There is: "Translating ...
Pollux: Archimedes Project Dictionary Access
Here you can search Lewis & Short, Liddell Scott Jones, and a few other dictionaries. The layout is not as good as on Perseus, but it loads much faster, so it is what I use.
You can add a bookmark with keyword in Firefox in order to search from the address bar. You can then simply type e.g. le meretrix in ...
The online version of William Whitaker's Words (originally an MS-DOS program, see Wikipedia) is very useful: http://archives.nd.edu/words.html
It is very useful, especially translate from English to Latin or Latin English words. It can identify an inflected or derived form of a Latin words based on tables of conjugations and declensions it contains. Some ...
One possibility is to use Webxicon.
It translates between several languages, including Latin and English.
You can even leave the target or source language blank to get answers for all possible languages.
It is sometimes useful to translate a Latin word to several languages at once and to see many translations options in all languages at one glance.
If you ...
One option is Philolog.us which not only allows for quick looking up of entries in Lewis and Short, but also the Greek dictionaries Liddel and Scott's and Slater's Lexicon to Pindar. The big bonus for Philologus is its iPhone app. Sorry Android users, no Philologus yet, though one is in the works.
But now there is: https://play.google.com/store/apps/details?...
One option to consider is the online Latin-English Dictionary. It is essentially an online version of William Whitaker's words, and uses the exact same word list.
(Full disclosure: this is a shameless self-plug for a side-project I worked on while teaching myself Python / Django.)
Can accept and parse inflected words. (Searching for ...
Professor Wilifried Stroh's lectures on the history of Latin literature and on other subjects are incredibly entertaining, learned, and eloquent. I don't know when he made them, but since he was born in 1950 I doubt it was before 1960, unfortunately. Still, they're very worth listening to.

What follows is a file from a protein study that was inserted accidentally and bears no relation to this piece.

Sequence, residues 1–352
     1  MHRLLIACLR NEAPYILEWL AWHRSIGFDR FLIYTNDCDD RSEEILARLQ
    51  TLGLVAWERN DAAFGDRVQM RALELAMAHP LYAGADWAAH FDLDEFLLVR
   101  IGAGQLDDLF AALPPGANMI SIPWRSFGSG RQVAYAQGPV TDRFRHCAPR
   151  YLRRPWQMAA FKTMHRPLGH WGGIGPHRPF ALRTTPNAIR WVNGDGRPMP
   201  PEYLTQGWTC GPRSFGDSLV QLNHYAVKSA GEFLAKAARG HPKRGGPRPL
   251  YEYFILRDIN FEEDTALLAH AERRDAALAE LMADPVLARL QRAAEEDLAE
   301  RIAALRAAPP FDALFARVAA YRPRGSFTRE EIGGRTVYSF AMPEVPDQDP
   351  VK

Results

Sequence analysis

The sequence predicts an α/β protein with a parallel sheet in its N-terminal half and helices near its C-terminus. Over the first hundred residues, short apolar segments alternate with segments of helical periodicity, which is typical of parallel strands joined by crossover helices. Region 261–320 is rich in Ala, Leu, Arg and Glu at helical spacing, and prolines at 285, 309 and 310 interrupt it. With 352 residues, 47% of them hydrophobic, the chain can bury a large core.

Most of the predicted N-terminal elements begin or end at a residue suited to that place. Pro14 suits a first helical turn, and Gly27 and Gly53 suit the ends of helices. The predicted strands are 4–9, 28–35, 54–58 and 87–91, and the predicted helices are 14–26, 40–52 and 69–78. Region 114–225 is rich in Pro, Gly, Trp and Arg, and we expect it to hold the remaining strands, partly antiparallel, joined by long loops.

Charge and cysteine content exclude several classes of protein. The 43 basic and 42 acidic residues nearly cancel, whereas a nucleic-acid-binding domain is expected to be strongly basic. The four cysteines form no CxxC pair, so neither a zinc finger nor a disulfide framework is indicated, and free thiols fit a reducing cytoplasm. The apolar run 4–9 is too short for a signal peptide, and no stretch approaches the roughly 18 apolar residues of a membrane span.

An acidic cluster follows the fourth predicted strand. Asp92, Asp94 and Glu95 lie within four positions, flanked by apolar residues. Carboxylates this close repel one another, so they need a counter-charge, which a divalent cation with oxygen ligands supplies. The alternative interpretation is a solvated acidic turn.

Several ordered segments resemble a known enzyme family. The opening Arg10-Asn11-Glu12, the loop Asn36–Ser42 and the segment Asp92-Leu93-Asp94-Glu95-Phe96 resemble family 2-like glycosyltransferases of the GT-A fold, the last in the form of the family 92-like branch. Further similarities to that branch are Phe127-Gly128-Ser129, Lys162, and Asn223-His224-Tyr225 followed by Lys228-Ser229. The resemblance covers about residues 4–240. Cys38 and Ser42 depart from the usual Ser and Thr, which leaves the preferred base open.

The PHI Classical Latin Texts Database
The Packard Humanities Institute provides free access to Latin Litterature texts from the beginning to ~200 AD.
There are currently two functions for searching through the database. It can be involved by using some keywords :
You can refine a search with logical operators.
Erasmus has a complete list of vocabula affinitatum ("words for in-laws") in his Colloquia. This is post-classical, but Erasmus's Latin rivals that of Cicero. This definitely has some overlap with the previous answer:
Socer: father-in-law (wife's father)
Socrus: mother-in-law (wife's mother)
Gener: son-in-law (daughter'...
The point of Google Translate (and this is not just for Latin) is that it only serves a purpose if you are able to judge the quality of its output, and understand that it's not a faithful account of the source text in any case.
This means, of course, that it must only be used to translate a text in a language you don't know into a language you do.
But if ...
I think the examples given in the question and in the answers are grammatically non-trivial and thus prone to translation mistakes, even by a human learning a language (two substantives, two verbs, etc). That Google makes mistakes might not be so surprising, and we could even argue that the tests were too stringent.
Perhaps a much more revealing test is to ...
One resource for learning Latin pronunciation is Nuntii Latini, the Finnish Latin news broadcast.
The pronunciation is very clear and the news items are also available as plain text, making it easy compare the written and spoken word.
When the show is not on a winter or summer break, it produces 5 minutes of news every week.
It is not presented as study ...
Vox Latina by W. Sidney Allen (2nd edition, 1978) is the standard book for pronouncing not just Classical Latin, but noted variants, as well. The book is a companion to Vox Graeca, and is a reconstruction of how it would be pronounced according to a variety of sources.
While it's a work of scholarship, it's easily accessible to undergraduates and other ...
The Lexicon Morganianum (with a new website as of only a few months ago) is an excellent resource. It was originally compiled by David Morgan and Patrick Owens. It includes macrons and is exclusively for neo-Latin words, like "radio."
The search-utility is not terribly good (as you can see from the above example). It certainly beats what I did earlier: ...
One option, perhaps best alongside other approaches, is to read (and listen to) the Latin news broadcast Nuntii Latini.
News come in every week and concern matters you have likely encountered in other media.
The texts are fairly short and aimed at a broad readership.
Unfortunately the vocabulary is not all that well documented.
The authors of Nuntii Latini ...